For a company in a market as competitive as robotic process automation (RPA), the funds are welcome. In fact, RPA has been top of mind for startups and established companies alike over the last year or so. In that time frame, enterprise stalwarts like SAP, Microsoft, IBM and ServiceNow have been buying smaller RPA startups and building their own, all in an effort to muscle into an increasingly lucrative market.

In June 2019, Gartner reported that RPA was the fastest-growing area in enterprise software, and while the growth has slowed down since, the sector is still attracting attention. UIPath, which Gartner found was the market leader, has been riding that wave, and today’s capital influx should help the company maintain its market position.

It’s worth noting that when the company had its last private funding round in February, it brought home $750 million at an impressive valuation of $35 billion. But as TechCrunch noted over the course of its pivot to the public markets, that round valued the company above its final IPO price. As a result, this week’s $56-per-share public offer wound up being something of a modest down-round IPO to UiPath’s final private valuation.

Then, a broader set of public traders got hold of its stock and bid its shares higher. The former unicorn’s shares closed their first day’s trading at precisely $69, above the per-share price at which the company closed its final private round.

So despite a somewhat circuitous route, UiPath closed its first day as a public company worth more than it was in its Series F round — when it sold 12,043,202 shares sold at $62.27576 apiece, per SEC filings. More simply, UiPath closed today worth more per-share than it was in February.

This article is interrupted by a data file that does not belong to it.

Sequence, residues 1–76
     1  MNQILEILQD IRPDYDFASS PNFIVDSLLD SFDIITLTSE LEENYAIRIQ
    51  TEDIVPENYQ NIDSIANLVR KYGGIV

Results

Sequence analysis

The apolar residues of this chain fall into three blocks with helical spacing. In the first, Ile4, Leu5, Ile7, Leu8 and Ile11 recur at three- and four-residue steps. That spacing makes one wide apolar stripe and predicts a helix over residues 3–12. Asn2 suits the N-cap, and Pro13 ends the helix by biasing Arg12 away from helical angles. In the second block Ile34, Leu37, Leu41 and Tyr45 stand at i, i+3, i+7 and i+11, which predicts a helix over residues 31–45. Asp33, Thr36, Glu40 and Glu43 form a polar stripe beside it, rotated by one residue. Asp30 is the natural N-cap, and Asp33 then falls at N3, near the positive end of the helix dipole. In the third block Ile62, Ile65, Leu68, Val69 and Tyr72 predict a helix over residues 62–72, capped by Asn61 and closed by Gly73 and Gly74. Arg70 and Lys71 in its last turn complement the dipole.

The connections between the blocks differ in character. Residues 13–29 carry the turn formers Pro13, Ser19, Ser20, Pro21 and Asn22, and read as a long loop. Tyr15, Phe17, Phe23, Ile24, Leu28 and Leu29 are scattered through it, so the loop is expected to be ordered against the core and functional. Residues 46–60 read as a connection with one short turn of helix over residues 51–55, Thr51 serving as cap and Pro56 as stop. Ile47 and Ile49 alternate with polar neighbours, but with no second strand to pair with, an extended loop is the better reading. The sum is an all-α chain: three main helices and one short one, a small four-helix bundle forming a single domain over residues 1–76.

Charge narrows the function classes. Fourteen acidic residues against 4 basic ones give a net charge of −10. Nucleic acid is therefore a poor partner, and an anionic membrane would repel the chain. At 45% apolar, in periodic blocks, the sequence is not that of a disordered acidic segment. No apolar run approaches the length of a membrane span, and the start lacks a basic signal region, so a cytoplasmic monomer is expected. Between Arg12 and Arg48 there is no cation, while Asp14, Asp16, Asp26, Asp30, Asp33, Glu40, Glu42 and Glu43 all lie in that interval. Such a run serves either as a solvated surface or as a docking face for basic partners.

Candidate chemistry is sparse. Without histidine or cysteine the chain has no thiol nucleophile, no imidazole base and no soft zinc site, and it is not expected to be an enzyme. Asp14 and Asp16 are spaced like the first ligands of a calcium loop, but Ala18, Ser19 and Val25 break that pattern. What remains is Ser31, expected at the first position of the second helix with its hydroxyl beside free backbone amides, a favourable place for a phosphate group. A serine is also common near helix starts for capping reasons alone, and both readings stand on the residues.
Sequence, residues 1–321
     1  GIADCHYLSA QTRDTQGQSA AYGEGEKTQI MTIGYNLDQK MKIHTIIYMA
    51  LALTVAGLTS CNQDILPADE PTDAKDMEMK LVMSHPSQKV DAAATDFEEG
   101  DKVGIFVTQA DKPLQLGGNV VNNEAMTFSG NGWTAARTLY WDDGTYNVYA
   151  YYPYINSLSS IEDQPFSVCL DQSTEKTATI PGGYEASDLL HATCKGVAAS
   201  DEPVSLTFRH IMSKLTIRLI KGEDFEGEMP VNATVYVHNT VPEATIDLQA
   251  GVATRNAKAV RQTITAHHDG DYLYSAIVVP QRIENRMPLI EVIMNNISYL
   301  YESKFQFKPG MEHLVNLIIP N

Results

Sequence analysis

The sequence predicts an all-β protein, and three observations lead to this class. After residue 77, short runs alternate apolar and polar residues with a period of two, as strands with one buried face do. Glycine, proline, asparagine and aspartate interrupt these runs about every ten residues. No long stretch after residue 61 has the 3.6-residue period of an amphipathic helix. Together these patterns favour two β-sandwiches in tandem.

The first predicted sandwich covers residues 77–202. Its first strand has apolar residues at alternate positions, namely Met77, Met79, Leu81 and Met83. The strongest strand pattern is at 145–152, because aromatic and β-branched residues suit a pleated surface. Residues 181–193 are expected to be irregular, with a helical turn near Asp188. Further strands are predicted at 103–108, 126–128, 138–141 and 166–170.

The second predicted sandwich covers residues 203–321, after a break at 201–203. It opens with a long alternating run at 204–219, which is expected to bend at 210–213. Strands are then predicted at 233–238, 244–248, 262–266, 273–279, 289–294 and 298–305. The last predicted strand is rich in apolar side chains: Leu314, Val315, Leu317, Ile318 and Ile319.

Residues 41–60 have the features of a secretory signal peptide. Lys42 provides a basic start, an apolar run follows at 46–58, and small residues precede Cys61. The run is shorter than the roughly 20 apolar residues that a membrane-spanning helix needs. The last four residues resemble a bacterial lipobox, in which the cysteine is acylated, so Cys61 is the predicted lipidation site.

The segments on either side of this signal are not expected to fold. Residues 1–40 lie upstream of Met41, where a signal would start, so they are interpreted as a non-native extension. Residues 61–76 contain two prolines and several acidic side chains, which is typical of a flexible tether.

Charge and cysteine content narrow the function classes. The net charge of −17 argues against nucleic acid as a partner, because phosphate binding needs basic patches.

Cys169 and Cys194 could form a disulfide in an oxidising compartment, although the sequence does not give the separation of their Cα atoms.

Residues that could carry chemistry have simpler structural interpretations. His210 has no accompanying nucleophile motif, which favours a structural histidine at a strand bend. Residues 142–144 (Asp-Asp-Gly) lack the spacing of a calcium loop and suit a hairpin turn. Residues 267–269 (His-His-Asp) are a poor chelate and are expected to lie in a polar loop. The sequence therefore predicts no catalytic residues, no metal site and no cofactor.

How you might value the company, whether you prefer a simple or fully-diluted share count, is somewhat immaterial at this juncture. UiPath had a good day.

While it’s hard to know what the company might do with the proceeds, chances are it will continue to try to expand its platform beyond pure RPA, which could become market-limited over time as companies look at other, more modern approaches to automation. By adding additional automation capabilities — organically or via acquisitions — the company can begin covering broader parts of its market.

TechCrunch spoke with UiPath CFO Ashim Gupta today, curious about the company’s choice of a traditional IPO, its general avoidance of adjusted metrics in its SEC filings, and the IPO market’s current temperature. The final question was on our minds, as some companies have pulled their public listings in the wake of a market described as “challenging”.